First, apologies for any stupidity here - just new to Arduino.

hdr:

Thanks for posting your sample code, it does seem like a great step on the path to a full blown web server. I was able to get your code to render a web page, but then it hangs. The rendered page includes the "hello this is is your Arduino speaking ..." and the values of the 7 analog ports show up just fine. However, the browser is hung "waiting" and subsequent requests do not get a response unless the Arduino/Xport are reset.

I suspect that my problem is with your XPort_disconnect() function that is attempting to toggle the Xport CP2 pin. I wired my shield exactly described on ladyada's instructions here: http://ladyada.net/make/eshield/wire.html

If I understand your description, the CP2 pin is actually mapped to the line that labeled "CTS" on one side and "CP3" on the other. On my board (and presumably, ladyada's board) that is actually pin 6 on the Arduino. So, I tried modifying your code so that XPORT_CP2 is 6 (rather than 8 in your original code). That didn't help, and the page hung in exactly the same way.

Any suggestions?
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by hdr on Wed Mar 26, 2008 1:49 pm

yes, that's right, you're not disconnecting after serving the page.

frankly i don't know if cp2 is mapped to cts -- just that when it didn't work the first time i tried connecting to each of the other pins in turn (trial and error) until the one labeled 'cts' actually worked.

you need the disconnect function "On Mdm_Ctrl_In Drop" enabled -- and i don't remember offhand whether this was something i had to enable specially or whether it came like that out of the box. if you don't find it by telnetting in, try the web-browser configuration interface which makes configuration a lot quicker/simpler.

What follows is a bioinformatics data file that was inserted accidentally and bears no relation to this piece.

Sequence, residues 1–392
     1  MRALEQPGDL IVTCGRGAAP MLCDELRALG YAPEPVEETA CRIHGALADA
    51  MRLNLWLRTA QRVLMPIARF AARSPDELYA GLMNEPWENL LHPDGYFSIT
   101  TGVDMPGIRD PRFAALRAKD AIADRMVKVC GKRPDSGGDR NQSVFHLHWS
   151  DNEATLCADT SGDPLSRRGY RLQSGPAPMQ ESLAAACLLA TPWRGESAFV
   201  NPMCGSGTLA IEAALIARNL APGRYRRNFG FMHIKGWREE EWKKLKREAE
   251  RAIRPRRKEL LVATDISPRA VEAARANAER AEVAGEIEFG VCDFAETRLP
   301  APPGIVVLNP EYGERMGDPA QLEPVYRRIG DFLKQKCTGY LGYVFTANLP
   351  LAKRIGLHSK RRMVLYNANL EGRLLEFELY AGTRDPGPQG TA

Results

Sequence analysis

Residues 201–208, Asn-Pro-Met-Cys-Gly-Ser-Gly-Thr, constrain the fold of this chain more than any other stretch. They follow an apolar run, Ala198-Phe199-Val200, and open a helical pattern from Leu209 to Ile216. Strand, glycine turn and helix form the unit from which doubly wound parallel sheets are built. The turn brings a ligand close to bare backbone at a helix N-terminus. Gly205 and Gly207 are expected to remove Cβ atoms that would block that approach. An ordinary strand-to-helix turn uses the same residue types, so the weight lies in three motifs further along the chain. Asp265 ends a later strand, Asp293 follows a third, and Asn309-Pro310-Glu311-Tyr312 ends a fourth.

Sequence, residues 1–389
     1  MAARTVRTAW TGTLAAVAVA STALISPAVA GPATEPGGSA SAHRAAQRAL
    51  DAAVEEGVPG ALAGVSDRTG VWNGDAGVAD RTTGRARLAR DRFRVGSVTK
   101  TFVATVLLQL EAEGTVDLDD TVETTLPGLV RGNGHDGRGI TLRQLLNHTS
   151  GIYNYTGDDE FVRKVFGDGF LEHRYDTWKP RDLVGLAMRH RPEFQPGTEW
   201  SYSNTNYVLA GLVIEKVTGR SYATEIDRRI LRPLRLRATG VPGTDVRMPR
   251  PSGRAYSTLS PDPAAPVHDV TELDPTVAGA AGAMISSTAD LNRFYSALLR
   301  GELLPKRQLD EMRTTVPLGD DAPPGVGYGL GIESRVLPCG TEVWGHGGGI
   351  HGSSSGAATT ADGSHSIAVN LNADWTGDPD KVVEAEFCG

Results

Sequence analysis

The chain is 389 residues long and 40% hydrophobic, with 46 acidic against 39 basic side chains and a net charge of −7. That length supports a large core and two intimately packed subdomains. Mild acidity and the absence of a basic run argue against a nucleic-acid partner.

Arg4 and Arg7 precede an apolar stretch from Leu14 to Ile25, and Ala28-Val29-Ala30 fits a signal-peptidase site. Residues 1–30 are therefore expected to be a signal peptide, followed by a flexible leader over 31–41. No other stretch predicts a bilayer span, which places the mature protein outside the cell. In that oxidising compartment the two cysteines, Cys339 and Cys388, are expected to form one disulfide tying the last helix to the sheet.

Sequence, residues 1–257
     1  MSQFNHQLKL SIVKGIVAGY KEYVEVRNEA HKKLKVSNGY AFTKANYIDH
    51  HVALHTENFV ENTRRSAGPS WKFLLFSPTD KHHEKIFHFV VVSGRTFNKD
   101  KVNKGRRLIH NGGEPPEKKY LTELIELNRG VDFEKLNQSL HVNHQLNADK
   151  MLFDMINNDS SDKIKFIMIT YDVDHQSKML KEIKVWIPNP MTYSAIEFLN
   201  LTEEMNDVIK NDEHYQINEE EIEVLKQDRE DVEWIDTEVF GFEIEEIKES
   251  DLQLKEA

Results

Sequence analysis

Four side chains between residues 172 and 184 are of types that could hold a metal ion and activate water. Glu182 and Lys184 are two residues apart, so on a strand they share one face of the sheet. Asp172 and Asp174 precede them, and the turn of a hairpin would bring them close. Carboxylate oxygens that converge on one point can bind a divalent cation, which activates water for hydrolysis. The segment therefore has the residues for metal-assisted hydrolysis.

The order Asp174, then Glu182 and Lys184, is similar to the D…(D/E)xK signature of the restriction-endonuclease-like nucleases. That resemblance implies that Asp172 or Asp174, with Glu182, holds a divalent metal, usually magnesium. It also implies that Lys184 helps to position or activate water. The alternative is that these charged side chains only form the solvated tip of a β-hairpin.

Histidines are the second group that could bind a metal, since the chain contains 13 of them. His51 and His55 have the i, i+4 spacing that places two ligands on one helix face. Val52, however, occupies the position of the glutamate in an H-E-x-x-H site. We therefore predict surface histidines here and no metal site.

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by Snaxter on Sat Mar 29, 2008 1:32 pm

I finally got some time to debug this problem and I thought I'd add a little bit of documentation on this page in case someone has the same problem. There are several label and documentation issues with the ethernet shield, with the Lantronix documenation (which is not self consistent) and with the Lantronix web configuration utility.

As hdr pointed out, my problem was that the Xport was not dropping the connection after the page was served. This had the symptom that my web browser would "hang" (the specific page, not the entire browser) waiting for the Xport to drop the connection. The solution is to allow the Arduino to drop the connection via the modem control when the page has been updated. The tricky part is getting everything enabled through the myriad of documation issues.

First, I'm using a Lantronix Xport Direct+ module that is connected to an Ethernet Shield v1.0. I've seens some posts that suggest that the shield is being revised, so it will be important to check the board version. Also, I wired the shield exactly as described on Ladyada's web page, this will be important later.

Starting with the Lantronix documentation: The Direct+ has a really funky pin numbering system. Pin 1 is the upper left of the module (looking from the top, with the pins away) and pin 2 is on the upper right. On the Direct+, pins 1-23 are active signals and 2-24 are not connected (reserved in the documenation). Obviously pin 2 is an exception, but not relevant here.

The pins relevant for this particular problem are the "Configurable Pins" that are labeled CP1-CP3 on page 7 of the Lantronix Integration Guide (came on the little CD with the Direct+). Specifically, CP3=pin19, CP2=pin21, CP1=pin23. For the rest of this post, I assume that this documenation is correct (golden) and everything else is in error (there are going to be 3 other points that disgree with these labels). The Lantronix Integration Guide has a schematic on page 12 that mislables pin21 and relables pin19 (1st documentation issue). I decided to use CP1 (pin 23) for the the modem control. CP1 is the bottom left pin (looking from the top of the Direct+) and correspondingly gets connected to the bottom left side of the shield connector.